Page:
I grew up in a town called Erie, Pennsylvania. It's in the NW corner of the state, and sits on the great Lake Erie. I lived there till I was 18, and moved away in 1980. Ultimately a year later our home was gone and my mother entered a nursing home. This blog is primarily about my mother's Alzheimer's disease. I wrote a book about it. I have not talked much about my mother before her Alzheimer's Disease in this blog yet.
My father died in 1978, about a year before my mother was diagnosed. He was a doctor in Erie. There is a columnist named Kevin Cuneo who writes for GoErie.com. Last week he wrote a little article about my father, who had been dead for thirty years. It was a really wonderful surprise, since sometimes I feel little connection with the past as my parents have been gone for so long. I am going to copy and paste the article and enclose the link. It was such an incredible honor to learn someone actually remembered my father after thirty years in this way.
PUBLISHED: NOVEMBER 04. 2009 1:15AM
Flu season recalls memories of 'miracle cure'
Because half of Erie seems to be suffering from some type of flu, and there's a snarl deep in my throat that makes me sound like a cross between Brenda Vaccaro and Louis Armstrong, I've been thinking about an old physician I really miss.
Dr. Michael Sivak, long deceased, used to practice medicine in a modest little office on East 25th Street.
He was a man of few words and didn't waste any on kids like me. But Sivak was a genius at treating colds or sinus infections. My mother would send us to Doc Sivak, as everyone called him, after we'd been really sick for a couple of days and none of her home remedies worked.
Doc would peer into your ears, up your nose and down your throat, and then he'd grunt and start what we called "the treatment."
It wasn't pleasant. He'd pack your nose with cotton and then squirt a stream of some awful medicine through each nostril. You'd retch and gag, but after he pulled out the wet cotton, you'd feel better. Almost instantly. It was amazing. The next day, you'd feel like your old self again.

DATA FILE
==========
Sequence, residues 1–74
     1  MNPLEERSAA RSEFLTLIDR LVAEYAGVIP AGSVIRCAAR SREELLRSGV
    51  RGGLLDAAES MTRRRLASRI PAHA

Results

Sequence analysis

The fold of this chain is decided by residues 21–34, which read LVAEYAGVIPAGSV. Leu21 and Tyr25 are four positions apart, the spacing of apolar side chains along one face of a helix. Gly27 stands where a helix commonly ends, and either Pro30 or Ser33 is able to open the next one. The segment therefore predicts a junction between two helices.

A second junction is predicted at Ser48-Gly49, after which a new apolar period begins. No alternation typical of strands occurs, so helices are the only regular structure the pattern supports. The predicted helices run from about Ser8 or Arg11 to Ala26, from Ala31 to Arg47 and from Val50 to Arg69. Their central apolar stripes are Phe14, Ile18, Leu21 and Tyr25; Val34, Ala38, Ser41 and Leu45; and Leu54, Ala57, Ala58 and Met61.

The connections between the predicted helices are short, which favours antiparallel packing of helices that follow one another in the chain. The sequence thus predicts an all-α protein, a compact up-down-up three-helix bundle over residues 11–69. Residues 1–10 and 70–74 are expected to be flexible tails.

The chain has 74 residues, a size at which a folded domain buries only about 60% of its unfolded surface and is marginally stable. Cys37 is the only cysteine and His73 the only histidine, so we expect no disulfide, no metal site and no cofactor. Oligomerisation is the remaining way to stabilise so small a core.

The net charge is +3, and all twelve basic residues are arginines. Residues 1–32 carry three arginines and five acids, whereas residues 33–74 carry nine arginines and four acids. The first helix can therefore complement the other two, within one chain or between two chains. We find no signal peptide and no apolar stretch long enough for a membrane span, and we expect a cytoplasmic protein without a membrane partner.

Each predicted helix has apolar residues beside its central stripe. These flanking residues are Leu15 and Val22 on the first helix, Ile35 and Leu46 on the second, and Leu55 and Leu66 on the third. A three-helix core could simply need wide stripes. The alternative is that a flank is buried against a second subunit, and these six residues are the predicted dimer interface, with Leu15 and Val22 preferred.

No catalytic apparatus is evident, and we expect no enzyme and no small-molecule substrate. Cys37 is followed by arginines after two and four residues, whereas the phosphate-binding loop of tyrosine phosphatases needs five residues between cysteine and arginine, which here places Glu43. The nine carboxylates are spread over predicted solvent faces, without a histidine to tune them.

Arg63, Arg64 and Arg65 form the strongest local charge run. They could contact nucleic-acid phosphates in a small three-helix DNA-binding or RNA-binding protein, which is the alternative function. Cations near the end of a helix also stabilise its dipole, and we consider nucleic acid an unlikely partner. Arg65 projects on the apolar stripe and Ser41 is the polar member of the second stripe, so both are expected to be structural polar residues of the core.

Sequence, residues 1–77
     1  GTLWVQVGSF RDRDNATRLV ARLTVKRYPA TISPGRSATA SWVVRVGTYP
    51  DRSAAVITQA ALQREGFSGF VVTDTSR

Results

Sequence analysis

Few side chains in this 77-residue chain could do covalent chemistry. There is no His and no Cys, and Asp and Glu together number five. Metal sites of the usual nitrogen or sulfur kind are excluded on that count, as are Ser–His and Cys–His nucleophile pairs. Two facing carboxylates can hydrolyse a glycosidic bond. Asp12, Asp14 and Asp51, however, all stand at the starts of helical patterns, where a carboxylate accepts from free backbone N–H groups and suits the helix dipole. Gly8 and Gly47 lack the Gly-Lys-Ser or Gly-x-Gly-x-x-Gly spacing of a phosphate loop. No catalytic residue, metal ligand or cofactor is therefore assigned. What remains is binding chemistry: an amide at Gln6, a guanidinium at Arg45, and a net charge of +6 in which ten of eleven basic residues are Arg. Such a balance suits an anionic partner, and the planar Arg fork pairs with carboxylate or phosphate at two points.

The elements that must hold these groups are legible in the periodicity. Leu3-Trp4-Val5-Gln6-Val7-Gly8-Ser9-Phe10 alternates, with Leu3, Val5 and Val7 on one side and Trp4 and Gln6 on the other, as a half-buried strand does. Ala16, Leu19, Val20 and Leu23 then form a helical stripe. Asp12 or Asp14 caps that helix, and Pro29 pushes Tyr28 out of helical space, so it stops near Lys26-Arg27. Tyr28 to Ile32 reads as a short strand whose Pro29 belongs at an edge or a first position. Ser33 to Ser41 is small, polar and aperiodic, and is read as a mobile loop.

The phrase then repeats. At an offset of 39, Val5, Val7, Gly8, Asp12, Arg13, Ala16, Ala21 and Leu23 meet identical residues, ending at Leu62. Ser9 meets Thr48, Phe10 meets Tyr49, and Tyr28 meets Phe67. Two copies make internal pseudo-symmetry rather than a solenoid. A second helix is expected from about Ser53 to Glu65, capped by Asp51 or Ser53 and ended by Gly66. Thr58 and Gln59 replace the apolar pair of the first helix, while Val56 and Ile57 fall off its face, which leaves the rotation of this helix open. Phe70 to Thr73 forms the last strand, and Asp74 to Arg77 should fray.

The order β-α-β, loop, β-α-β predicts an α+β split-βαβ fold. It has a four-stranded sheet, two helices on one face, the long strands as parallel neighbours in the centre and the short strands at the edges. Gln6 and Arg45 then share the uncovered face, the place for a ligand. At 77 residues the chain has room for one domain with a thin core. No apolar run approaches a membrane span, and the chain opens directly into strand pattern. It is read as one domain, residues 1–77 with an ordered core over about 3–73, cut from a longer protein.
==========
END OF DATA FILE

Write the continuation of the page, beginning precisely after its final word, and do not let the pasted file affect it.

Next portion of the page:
I asked him once what he called this miracle procedure, but he gave me a hard look and snapped, "It works, doesn't it?"
Even though he had little time for kids, unless they were sick, Doc Sivak was a great guy. At least that's what my father always said. They were close friends, and I have an image in my head of the two of them driving down the street in a really old car Doc owned -- a Model-T, or something.
When my eyesight faltered slightly, and the teacher sent a note home, my father took me to see Doc Sivak.
He conducted a thorough examination, repeatedly asking, "Better, or worse?" "Better on, or better off?"
When he was finished, my dad asked, "Well, Doc, does he need glasses?"
Sivak gave his standard reply: "He either needs 'em, or he wants a pair." I thought, who in the world wants to wear glasses? But you didn't argue with Doc Sivak.
Doc was old-fashioned in that he always treated members of the clergy and doctors' widows for free. They used to do it that way in the old days, but by the 1970s, it was a long-forgotten courtesy.
Forgotten by everyone but Doc Sivak, that is. An old lady in our neighborhood outlived her doctor-husband by almost 40 years, but Sivak treated her regularly and never charged a penny. Same with the nuns. I never visited his office once when there wasn't a sister waiting for treatment.
She probably had a cold and needed Sivak's miracle cure. We all could use it this year.
Here is the link:
GoErie.com: Good Morning - Flu season recalls memories of 'miracle cure'
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